I’m a big fan of poutine. It’s definitely one of my favorite dishes. I’ve made it the classic way (fries, curds, gravy) many times. This time I thought I’d try a totally different approach to poutine and top the fries with smoked BBQ pulled pork instead. A handful or two of curds and a pickle garnish and I was in poutine heaven again. There’s really no way to improve on this BBQ pulled pork poutine. Every bite was flat-out delicious. I used spicy hot pepper cheese curds, but I think any flavor (other maybe curds infused with herbs such as rosemary or thyme) would work perfectly.
As an aside, on the off chance that you have a little leftover pulled pork and curds, make a few baked potatoes and top them with the meat and cheese. You won’t be sorry.
For years and years I have grilled my sausages after they spent some quality time in a ‘bath’ of beer and peppers and onions. And they are great, I admit it. But these kraut-stuffed sausages, well, they’re really beyond great. Tender, moist, and just packed with flavor. Such a wonderful texture in every single bite. I couldn’t stop eating them. Topped with plenty of mustard, these are now my only go-to grilled sausages. You have to use the right kind of sausages to make these kraut-stuffed sausages. Get the fresh sausages, with casings. You need to be able to poke your finger inside to make a cavity for the fantastic (but easy) filling. And unless your fingers are really, really long, don’t get really, really long sausages!
I suggested to Anita that we try adding other things to the stuffing, such as chopped roasted jalapenos, or poblanos or the like and she gave me a dirty look. The “don’t mess with this” look. So I won’t.
1 pound fresh sausages (Italian, Kielbasa, whichever you prefer, just make sure you get the sausages in casings). I used Johnsonville Italian sausages which come 5 to a pound
4 tablespoons unsalted butter
1 large sweet onion, cut thin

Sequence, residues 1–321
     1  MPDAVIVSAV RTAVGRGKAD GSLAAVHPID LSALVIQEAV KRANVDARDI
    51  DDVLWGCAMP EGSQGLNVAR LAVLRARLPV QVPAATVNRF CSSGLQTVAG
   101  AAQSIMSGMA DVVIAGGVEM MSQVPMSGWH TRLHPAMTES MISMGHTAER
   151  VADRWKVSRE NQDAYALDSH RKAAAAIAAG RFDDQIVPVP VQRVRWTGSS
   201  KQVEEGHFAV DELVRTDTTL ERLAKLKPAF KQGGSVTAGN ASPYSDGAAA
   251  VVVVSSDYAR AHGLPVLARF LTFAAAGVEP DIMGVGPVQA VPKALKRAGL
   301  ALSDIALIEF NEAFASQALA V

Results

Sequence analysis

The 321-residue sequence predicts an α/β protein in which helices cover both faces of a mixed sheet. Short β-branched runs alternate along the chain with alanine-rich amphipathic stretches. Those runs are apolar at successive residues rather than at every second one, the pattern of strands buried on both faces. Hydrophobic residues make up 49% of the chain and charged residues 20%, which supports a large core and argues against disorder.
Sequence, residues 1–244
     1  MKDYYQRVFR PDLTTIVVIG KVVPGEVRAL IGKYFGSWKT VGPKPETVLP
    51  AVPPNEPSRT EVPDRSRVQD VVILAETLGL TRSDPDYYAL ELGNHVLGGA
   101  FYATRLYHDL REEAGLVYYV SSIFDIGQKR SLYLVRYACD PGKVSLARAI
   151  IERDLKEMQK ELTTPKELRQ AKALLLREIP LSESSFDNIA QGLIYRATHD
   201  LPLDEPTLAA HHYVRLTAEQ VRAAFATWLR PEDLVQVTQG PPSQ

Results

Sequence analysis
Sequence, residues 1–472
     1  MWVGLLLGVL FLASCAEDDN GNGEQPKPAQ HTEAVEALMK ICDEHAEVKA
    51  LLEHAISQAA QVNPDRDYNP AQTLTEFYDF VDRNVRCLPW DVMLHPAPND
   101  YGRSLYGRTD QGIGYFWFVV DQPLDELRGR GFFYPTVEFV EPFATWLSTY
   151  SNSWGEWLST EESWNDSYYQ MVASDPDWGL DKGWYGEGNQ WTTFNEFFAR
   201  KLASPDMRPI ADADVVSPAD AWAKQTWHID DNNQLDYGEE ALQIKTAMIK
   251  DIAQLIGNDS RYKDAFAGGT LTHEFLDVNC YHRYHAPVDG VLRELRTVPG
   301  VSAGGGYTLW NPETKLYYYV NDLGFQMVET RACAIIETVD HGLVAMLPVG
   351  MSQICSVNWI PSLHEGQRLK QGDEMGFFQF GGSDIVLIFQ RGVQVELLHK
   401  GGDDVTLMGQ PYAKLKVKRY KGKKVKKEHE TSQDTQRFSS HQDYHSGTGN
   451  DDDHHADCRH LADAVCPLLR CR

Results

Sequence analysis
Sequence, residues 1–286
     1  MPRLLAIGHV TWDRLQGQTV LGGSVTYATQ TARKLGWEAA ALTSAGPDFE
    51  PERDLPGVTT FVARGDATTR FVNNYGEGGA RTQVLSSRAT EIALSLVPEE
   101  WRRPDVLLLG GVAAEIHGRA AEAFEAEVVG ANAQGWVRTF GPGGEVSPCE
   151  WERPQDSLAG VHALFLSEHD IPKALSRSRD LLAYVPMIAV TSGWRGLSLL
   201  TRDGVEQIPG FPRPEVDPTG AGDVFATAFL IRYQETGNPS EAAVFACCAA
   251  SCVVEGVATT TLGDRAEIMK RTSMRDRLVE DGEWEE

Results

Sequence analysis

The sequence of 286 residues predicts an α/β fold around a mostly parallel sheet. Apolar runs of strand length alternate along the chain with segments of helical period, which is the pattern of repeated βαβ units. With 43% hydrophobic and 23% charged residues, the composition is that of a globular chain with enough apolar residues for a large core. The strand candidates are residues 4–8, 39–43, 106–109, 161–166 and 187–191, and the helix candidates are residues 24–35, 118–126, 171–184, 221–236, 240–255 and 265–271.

1 pound kraut plus some of the juice
1 cup shredded cheese (Monterrey Jack, mozzarella, any good white melting cheese will work)
5 fresh sausage buns
Your favorite mustard
Using your fingers, make a hole down the center of each sausage, creating a cavity that runs the full length of the sausages.
Melt the butter in a large saucepan over medium-high heat.
Add the onion, kraut, and a bit of the juice from the kraut jar.
Stir and let cook until the onions are softened.
Remove from heat and let cool completely.
Stir in the cheese. It won't melt but it will help bind the kraut mixture together.
Fire up your grill for indirect cooking.
Using your hands, grab some of the kraut mixture and force it into the cavity in the sausages. Just keep packing it in. Don't worry about being all pretty and what-not, just get it in there. But don't shove so hard that you have a blowout!
Place sausages over indirect heat on the grill and cook for 30 minutes until nice and dark and done.
Toast the buns.
Add cooked sausages to the buns and top with plenty of mustard.
I love smoked potatoes. Smoking them adds such a fantastic (but not overpowering) smokiness. And it’s cooler than just baking them in the oven. And since I also love sweet potatoes, why not just combine two of my favorite things? Smoked sweet potatoes are sweet (duh) and creamy, and oh so tender. To counter that sweetness just a bit I top them with a nice (also smoky) sour cream and chipotle mixture. And a little bacon for some more smokiness and a bit of crunch. Forget russet potatoes, smoked sweet potatoes are the best! Don’t have a smoker? You can use the technique for my perfect baked potato on sweet potatoes too. You won’t get all that smokiness of course, but the chipotle sour cream and bacon will help make up for that.
These Buffalo wing burgers are further proof that chicken or turkey burgers do not have to be boring or bland. These are definitely our go-to no-beef burgers. A little spiciness, tender patties, and oh, my favorite, Buffalo wing flavor. Topped with a dressing that is both sweet and spicy. Perfect! I’ve already made these Buffalo wing burgers several times. We absolutely love them. So far, I have only made them with ground turkey, since we prefer the texture of ground turkey over chicken. Well, that and ground turkey has been on sale lately!
The tastiest burgers are cooked on a flat-top griddle or in a hot skillet. Unlike a grill, the fat doesn’t drip down into the fire below. Instead, it stays on the burger, keeping it moist. And the added plus of a griddle is that you get that wonderful char. These Oklahoma fried onion burgers would be your standard fantastic griddle burgers, but they have a very tasty twist: onions that are griddled into the patties. The result is divine. I use a griddle insert that fits into my Weber charcoal and gas grills to griddle burgers like Oklahoma fried onion burgers. It not only gets super hot, it gets hot consistently across the entire griddle. This ensures that I get nice evenly cooked burgers no matter how many I am cooking at once.
Toss with 1 teaspoon of salt and let rest for 30 minutes to extract as much liquid out of the onions as possible.
Transfer the onions to a towel or a few sheets of paper towels, roll up tightly and squeeze to remove as much liquid as you can.